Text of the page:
9) Watch what you share and say in public, and that includes social media. Remember those old posters from World War II days: Loose lips sink ships. Even if all your social media accounts are private, posting photos of your participation in a counter-protest may feel good and get you many likes, but it can lead to a number of consequences.

For starters, you’ll garner attention from people who won’t like you. You may think to yourself, “I don’t care” but posting this photo might reveal the identity of another group member who might lose their job or suffer other consequences. We live in an age where our adversaries feel no remorse using such tactics as doxxing (posting work/home phone/address and other personally identifying information on the internet) and swatting (calling the police to say there is an armed gunman at your home address to elicit a SWAT response).

So posting that photo and getting a thousand likes might feel good, but the fallout might ultimately make you less effective to the group (ie, it’s hard to resist Trump when you’ve lost your job or you’re worried about crazy people posting death threats along with your home address on the Web).

10) Learn how to identify and defeat phishing emails. Hillary Clinton’s presidential campaign was the target of widespread phishing (and spear-phishing) attacks. These emails purport to be from a legitimate service making a routine request – in this case, “we noticed that someone was trying to hack your account, please change your password.” Anyone who clicks the link is of course taken to a hacker’s website that gathers the user’s account username and old password (and of course never updates with a new password!).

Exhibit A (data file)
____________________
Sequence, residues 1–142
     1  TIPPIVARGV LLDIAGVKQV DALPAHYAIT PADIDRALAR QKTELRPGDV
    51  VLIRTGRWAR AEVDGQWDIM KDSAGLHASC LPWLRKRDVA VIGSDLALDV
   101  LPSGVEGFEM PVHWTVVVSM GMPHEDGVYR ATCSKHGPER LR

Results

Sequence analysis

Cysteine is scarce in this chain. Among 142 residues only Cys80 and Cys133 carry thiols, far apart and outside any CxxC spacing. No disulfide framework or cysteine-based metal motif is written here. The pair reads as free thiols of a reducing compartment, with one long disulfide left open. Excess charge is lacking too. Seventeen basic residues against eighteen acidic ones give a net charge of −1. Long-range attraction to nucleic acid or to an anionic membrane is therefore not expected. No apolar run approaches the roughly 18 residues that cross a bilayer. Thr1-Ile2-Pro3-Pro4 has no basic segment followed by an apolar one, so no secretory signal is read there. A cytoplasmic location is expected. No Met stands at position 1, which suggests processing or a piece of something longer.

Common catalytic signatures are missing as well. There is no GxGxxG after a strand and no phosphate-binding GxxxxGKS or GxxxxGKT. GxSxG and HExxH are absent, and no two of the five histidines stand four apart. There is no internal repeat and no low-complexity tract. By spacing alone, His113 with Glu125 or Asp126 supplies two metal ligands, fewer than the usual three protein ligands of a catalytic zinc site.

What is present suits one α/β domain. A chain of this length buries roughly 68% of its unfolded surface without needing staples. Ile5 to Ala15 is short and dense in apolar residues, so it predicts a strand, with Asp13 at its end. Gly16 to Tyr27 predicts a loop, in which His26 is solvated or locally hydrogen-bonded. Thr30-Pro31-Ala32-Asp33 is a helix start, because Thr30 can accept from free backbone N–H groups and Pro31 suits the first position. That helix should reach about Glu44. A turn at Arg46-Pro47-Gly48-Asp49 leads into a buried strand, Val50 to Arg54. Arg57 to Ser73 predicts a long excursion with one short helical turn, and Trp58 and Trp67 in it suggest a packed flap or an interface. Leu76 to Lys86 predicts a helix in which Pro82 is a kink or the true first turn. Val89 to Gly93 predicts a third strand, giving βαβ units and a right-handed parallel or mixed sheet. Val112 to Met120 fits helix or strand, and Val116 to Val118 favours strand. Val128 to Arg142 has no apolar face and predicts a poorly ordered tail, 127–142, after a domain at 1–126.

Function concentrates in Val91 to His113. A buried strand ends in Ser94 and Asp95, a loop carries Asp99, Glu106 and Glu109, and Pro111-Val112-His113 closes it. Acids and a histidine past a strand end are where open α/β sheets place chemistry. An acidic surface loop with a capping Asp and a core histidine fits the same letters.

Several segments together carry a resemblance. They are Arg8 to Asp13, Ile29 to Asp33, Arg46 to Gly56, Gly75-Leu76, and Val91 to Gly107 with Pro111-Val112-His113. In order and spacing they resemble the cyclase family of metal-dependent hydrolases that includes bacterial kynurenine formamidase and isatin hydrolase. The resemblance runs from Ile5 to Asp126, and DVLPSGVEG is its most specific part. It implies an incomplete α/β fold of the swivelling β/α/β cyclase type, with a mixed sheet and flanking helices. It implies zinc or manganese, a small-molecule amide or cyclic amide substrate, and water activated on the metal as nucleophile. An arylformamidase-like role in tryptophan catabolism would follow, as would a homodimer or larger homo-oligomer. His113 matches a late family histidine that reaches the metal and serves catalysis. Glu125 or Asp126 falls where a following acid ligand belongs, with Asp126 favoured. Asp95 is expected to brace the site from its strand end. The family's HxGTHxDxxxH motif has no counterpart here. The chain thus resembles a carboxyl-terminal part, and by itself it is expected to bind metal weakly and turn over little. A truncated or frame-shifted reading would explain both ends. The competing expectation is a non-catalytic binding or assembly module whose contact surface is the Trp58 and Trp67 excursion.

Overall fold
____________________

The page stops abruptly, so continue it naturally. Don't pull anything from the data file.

All of us remember and laugh at the Nigerian prince emails that make the rounds. Think about this: they’re so prevalent because they work! It only takes a vanishingly small percentage of people to respond to make those efforts lucrative for criminals.

Be advised that most of the phishing emails you’ll see are extremely good! They’ll look exactly like the emails you might get from your bank, a social media app, or favorite retailer.

How to spot a phishing email?  Some dead giveaways:

  • Spelling/grammar errors in the subject line or message
  • You’re not addressed by name (more like “Dear Customer”)
  • The URL the link goes to isn’t quite right (i.e. it might go to google.badhacker.com instead of google.com)
  • Oh yeah – the fact that most services won’t ask you via email to update your password!

Pro tip: If you’ve installed a password manager and turned on their monitoring services, you’ll find out if/when a system you use has been hacked or breached!

So what do you if you get one of these phishing emails? Stop what you’re doing, open a web browser and go directly to the site in question to login. In other words, don’t click the link to go your bank, enter the URL you know and love directly into your browser. Simple as that. If there really is a problem, your bank/retailer/service will probably display a warning and/or ask you to reset your password right then and there.

Oh one more thing – pop up ads that say things like “we’ve detected malware on your system, please click here to clean it up” are super bad. Do not click. Just close the windows!